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FlexTech Alliance, the industry consortium fostering the growth, profitability, and success of the flexible and printed electronics supply chain, welcomes the U.S. Government’s selection of flexible hybrid electronics (FHE) as the next topic for a Manufacturing Innovation Institute (MII). FHE was one of several topics under consideration and joins eight other technologies already identified for MIIs. The location and lead organization for the FHE MII will be chosen through a competitive process led by the Department of Defense, which expects to allocate $75M over a five year period to support the new institute. A minimum 1:1 cost share is required, valuing the new enterprise in excess of $150 million.
“FlexTech applauds the U.S. Government for selecting FHE among many worthy manufacturing topics,” stated Michael Ciesinski, president and CEO of FlexTech Alliance. “We are especially grateful to FlexTech’s members, and academic and industry partners, who responded to the MII Requests for Information and made the case for FHE.”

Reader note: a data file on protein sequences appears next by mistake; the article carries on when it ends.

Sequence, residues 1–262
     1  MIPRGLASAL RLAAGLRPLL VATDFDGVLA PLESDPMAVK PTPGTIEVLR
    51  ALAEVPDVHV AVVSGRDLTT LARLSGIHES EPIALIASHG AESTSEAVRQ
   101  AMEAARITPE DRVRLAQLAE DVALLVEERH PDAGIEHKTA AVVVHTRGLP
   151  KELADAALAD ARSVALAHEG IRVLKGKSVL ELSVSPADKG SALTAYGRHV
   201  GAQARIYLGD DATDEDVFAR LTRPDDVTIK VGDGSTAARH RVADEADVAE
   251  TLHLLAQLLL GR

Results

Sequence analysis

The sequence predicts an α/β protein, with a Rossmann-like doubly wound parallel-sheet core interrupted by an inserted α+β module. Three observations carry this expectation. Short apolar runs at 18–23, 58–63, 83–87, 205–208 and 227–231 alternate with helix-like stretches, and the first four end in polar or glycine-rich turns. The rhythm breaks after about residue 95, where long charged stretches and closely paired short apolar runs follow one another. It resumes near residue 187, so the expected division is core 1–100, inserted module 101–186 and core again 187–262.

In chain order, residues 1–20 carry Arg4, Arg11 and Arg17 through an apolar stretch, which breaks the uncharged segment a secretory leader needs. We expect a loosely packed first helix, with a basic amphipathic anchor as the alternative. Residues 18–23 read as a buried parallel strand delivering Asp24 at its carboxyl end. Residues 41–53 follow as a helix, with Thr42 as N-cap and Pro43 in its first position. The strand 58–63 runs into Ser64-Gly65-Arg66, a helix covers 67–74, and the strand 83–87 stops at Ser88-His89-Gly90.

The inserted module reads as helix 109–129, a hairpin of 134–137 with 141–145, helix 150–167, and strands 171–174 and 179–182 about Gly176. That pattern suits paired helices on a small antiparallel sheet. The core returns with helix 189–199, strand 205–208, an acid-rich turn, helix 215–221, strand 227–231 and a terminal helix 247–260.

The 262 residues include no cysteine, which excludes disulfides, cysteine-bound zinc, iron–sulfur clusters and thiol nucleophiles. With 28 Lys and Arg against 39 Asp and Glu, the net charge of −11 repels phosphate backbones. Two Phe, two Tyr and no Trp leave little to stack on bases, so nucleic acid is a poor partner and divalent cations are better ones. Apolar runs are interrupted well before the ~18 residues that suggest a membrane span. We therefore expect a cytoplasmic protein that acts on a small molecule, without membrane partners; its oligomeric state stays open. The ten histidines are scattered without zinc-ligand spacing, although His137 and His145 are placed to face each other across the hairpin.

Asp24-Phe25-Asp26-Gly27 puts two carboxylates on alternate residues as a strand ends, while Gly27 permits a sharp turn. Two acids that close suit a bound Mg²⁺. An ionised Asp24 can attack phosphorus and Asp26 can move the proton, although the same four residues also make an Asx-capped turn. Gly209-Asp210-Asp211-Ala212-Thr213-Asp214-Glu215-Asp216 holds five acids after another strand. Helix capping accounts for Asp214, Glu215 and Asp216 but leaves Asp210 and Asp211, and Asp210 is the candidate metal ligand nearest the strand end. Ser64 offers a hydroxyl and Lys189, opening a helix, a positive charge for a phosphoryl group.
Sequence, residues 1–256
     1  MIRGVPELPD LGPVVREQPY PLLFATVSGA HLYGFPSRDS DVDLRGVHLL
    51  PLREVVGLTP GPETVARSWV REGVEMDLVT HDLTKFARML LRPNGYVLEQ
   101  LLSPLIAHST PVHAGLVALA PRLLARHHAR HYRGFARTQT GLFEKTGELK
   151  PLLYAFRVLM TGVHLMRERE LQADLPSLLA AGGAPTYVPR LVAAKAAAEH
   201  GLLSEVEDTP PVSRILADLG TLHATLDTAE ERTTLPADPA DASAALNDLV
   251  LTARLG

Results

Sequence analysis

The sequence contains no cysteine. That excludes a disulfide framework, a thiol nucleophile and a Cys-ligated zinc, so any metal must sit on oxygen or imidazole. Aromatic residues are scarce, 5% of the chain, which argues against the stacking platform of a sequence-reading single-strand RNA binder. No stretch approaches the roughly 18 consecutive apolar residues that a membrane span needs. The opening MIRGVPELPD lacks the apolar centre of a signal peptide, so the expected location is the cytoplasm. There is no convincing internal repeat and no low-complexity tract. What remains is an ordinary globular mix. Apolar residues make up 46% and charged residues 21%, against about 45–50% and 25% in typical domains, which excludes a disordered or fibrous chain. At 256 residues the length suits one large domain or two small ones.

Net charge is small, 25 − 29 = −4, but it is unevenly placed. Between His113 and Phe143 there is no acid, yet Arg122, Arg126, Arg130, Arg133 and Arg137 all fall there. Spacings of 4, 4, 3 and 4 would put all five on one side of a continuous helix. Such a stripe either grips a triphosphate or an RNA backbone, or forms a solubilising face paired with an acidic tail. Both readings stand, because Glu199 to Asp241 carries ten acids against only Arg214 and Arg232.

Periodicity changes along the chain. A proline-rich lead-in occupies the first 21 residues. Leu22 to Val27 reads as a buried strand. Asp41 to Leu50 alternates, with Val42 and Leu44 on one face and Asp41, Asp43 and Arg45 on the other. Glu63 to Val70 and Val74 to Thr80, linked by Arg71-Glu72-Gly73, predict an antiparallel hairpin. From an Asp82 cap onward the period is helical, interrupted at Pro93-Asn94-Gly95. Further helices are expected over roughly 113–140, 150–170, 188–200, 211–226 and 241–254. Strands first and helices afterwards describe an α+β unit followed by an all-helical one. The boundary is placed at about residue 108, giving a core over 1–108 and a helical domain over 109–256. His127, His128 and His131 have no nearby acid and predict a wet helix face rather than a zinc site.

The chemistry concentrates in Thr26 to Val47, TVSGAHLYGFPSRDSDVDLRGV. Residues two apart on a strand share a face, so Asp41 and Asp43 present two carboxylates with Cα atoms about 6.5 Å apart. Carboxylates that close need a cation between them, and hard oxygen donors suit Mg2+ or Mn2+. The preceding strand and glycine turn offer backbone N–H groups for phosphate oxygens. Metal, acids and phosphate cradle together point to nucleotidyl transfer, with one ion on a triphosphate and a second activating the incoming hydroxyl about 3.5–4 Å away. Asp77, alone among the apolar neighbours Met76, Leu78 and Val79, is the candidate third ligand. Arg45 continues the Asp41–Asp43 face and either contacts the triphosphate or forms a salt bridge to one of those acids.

This MII will help bridge the gap between applied research and product development in flexible hybrid electronics by bringing together companies, universities, R&D centers, and Federal agencies to co-invest in key technology areas. All will share assets and equipment to design, test, and pilot new products and manufacturing processes. The MIIs also provide a unique opportunity for education and training, job creation, and other forms of economic development.
The White House announcement explained that FHE combines advanced materials that flex with thinned silicon chips to produce the next generation of electronic products seamlessly integrated into the things around us. These include items as diverse as comfortable, wireless medical monitors, stretchable electronics for robotics and vehicles, and smart bridges capable of alerting engineers at the first signs of trouble. For the nation’s warfighters, these new technologies will make lifesaving advances and improve mission effectiveness.
“Flexible hybrid electronics are the building blocks of the next generation of devices, combining printed devices such as sensors with ultra-thin silicon technology on many types of flexible substrates which will be ubiquitously embedded in many products impacting our lives profoundly,” stated Malcolm Thompson, chief technologist of FlexTech Alliance and president of the Nano-Bio Manufacturing Consortium (NMBC).
For more information on the MIIs and the more general National Network for Manufacturing Innovation, click here.